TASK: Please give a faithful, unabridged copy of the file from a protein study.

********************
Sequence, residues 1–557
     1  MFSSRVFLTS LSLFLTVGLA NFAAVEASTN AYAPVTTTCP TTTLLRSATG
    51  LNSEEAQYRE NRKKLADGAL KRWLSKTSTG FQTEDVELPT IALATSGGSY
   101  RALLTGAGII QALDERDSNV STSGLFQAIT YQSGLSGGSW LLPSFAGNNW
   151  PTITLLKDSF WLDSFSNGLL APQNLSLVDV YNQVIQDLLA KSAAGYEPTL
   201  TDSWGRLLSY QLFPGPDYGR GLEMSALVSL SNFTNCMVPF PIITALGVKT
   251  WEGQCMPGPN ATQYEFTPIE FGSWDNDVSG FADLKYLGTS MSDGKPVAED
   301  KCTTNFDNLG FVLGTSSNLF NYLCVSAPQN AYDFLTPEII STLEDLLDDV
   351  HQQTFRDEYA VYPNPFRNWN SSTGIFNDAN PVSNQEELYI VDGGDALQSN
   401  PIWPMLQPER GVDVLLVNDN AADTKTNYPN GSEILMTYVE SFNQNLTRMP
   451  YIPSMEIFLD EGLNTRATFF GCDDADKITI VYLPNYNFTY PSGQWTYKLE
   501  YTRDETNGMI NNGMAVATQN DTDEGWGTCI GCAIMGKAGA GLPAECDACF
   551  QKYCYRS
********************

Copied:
Sequence, residues 1–557
     1  MFSSRVFLTS LSLFLTVGLA NFAAVEASTN AYAPVTTTCP TTTLLRSATG
    51  LNSEEAQYRE NRKKLADGAL KRWLSKTSTG FQTEDVELPT IALATSGGSY
   101  RALLTGAGII QALDERDSNV STSGLFQAIT YQSGLSGGSW LLPSFAGNNW
   151  PTITLLKDSF WLDSFSNGLL APQNLSLVDV YNQVIQDLLA KSAAGYEPTL
   201  TDSWGRLLSY QLFPGPDYGR GLEMSALVSL SNFTNCMVPF PIITALGVKT
   251  WEGQCMPGPN ATQYEFTPIE FGSWDNDVSG FADLKYLGTS MSDGKPVAED
   301  KCTTNFDNLG FVLGTSSNLF NYLCVSAPQN AYDFLTPEII STLEDLLDDV
   351  HQQTFRDEYA VYPNPFRNWN SSTGIFNDAN PVSNQEELYI VDGGDALQSN
   401  PIWPMLQPER GVDVLLVNDN AADTKTNYPN GSEILMTYVE SFNQNLTRMP
   451  YIPSMEIFLD EGLNTRATFF GCDDADKITI VYLPNYNFTY PSGQWTYKLE
   501  YTRDETNGMI NNGMAVATQN DTDEGWGTCI GCAIMGKAGA GLPAECDACF
   551  QKYCYRS